Rachel Huskisson is a Chartered Librarian and a member of Engaging and Empowering School Libraries was recently asked to share a little about her role, workplace, areas she is working on, and what being nominated for the CILIP 125 has meant for her. I am grateful that she agreed to allow me to post her talk here... She hopes it inspires you to keep learning too...
I am the school librarian at a small independent school in the East Midlands and have been in the post since Sept 2020. Before this, I worked as a library assistant in a state school and have some experience working in public libraries too. The school has around 640 students on roll aged 3-18 and I am based in the senior school. Running the library was quite a step up for me but the students are amazing and I have a keen team of around 20 student helpers now.
Joining the school during Covid was a challenge. Just as I was beginning to find my feet, 4 months into the role, I was furloughed. On returning to school, the library had been closed for 6 months, so one of my first jobs was to get the space in order. Student well-being was also a priority and I worked hard to create a welcoming space for all, developing the diversity of the stock and relaxing slightly the silent study rules.
Coming out of this, feeling a little overwhelmed, I was keen to get some training to help me feel less of an imposter! I decided to get a mentor from the SLA. Lauren suggested I join CILIP and we chatted about the benefits of chartership in the future. The school I am in is high achieving and I could see the benefit of developing my information literacy skills. As I looked around for training, I came across the then-newly formed membership to Elizabeth Hutchinson’s training Engaging and Empowering School Libraries and signed up.
As I began my third academic year in post, I decided the time was right to embark on my Chartership. I had been seeking out CPD to do my job well and felt that it made sense to make it count towards something. I registered in January 2022 and achieved chartership this April 2023. I enjoyed the process, for both the confidence it gave me in my role and learning about the wider profession. It opened my eyes to see I had a place in this much bigger professional space.
Working in a school as a solo librarian, it’s common to feel isolated, we often fall into both support and teaching roles and don’t always get the appropriate support in-house. I've worked hard to build a network of support outside of school through online forums, getting involved in podcasts, and writing the occasional blogpost. I now help run the Library Lowdown, an X (formerly Twitter) spaces staff room started by Elizabeth. Each week it gives school librarians a chance to meet up and chat about their week. It's always great to hear about the varied things that are going on in schools where the library is at the heart of the school.
Through my Chartership, I started to develop an interest in inquiry-based learning and this is an area I would like to get more involved in at school. My long-term aim is to establish the library as a cross-curricular resource as well as develop links with the primary section of the school. This is not always easy, it does require a proactive approach but I remind myself that small steps in the right direction make this possible.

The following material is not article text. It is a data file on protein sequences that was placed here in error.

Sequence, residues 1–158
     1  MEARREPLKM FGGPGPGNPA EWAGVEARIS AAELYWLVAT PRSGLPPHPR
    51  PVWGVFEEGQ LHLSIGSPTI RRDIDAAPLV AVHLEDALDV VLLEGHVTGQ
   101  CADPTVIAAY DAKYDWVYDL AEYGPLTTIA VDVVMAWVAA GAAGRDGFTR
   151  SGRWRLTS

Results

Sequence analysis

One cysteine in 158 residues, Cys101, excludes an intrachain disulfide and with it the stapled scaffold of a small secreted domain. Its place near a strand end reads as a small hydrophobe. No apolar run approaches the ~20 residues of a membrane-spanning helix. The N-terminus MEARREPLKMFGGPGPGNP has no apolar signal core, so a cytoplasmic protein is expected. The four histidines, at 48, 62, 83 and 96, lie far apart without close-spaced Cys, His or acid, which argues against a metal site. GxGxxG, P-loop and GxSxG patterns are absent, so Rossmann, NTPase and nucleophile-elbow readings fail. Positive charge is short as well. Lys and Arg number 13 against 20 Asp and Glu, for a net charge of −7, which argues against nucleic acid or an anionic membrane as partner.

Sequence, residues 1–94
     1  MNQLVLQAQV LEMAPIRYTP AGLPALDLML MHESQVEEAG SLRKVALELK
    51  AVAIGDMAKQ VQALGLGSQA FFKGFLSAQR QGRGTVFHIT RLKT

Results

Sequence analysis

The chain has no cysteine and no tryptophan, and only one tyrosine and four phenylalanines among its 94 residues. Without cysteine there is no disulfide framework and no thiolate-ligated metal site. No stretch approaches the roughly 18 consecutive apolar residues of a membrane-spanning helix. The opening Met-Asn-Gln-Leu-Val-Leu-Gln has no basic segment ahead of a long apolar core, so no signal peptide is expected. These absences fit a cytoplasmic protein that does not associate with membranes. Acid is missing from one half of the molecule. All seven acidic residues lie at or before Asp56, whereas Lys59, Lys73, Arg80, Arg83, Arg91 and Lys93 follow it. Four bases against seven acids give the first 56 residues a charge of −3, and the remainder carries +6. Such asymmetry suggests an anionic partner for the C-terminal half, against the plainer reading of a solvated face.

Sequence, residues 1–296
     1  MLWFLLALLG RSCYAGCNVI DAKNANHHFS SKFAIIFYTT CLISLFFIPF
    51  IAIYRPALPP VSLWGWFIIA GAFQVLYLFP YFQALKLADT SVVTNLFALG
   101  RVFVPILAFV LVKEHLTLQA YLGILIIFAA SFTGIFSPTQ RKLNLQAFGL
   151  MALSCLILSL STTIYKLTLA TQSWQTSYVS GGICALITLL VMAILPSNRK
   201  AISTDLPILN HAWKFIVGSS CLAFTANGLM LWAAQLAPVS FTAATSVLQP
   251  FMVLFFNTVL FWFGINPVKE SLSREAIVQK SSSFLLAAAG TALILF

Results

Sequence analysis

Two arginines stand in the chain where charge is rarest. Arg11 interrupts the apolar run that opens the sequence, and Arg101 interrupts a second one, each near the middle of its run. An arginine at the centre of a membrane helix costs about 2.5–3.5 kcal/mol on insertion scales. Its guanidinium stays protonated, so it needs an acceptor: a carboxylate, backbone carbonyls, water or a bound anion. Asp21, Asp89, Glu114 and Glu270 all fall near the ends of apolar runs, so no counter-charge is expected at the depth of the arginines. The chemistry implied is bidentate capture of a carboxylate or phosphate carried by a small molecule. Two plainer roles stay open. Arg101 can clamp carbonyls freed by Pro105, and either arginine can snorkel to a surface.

Outside of school, I am a committee member on the Great School Libraries campaign, and I enjoy this advocacy work. There are a lot of challenges in this sector and the inequalities are stark. I have had the opportunity through working in an independent school to access training, this just is not the case for many of my school librarian colleagues and it saddens me that I had to leave the state school sector to get the training I needed. I feel strongly that school librarians have a valuable part to play in the education sector and our young people deserve more than a postcode lottery as to whether they have access to a well-run, well-stocked library.
School Librarians, learning and Royal Charter
Being nominated for the CILIP 125 Royal Charter medal has meant a lot to me, it came at the end of a long, challenging term when I was feeling a little deflated and undervalued. Receiving news of the medal, validating the work I am doing, gave me a real boost. I went into the summer break with a few things on my mind. One question being, what is next for me?
I enjoyed the learning during chartership and missed it. Getting the medal encouraged me to look at MA courses in librarianship. I considered this before but always talked myself out of it. I still felt I had a lot to learn and that having this qualification could open up some more doors for me. I am at the end of my first semester at Sheffield doing the distance learning MA in Library and Information Services Management and loving it. It is early days and it’s been hard work but I have learnt so much already and I’m looking forward to the next module on leadership, strategy, and change.
So, that is what I am looking forward to in 2024. I am hopeful that the Great School Libraries campaign is moving things in the right direction, we are currently looking at what school librarians over the next 10 years will need to do their job well and how we can work to advocate for that in all education settings.
And who knows, with a general election coming up, I am hopeful for change. I am also looking forward to learning more about librarianship and information and the opportunities that might bring in the coming year.
If you want to know more about Elizabeth's membership you can find it here.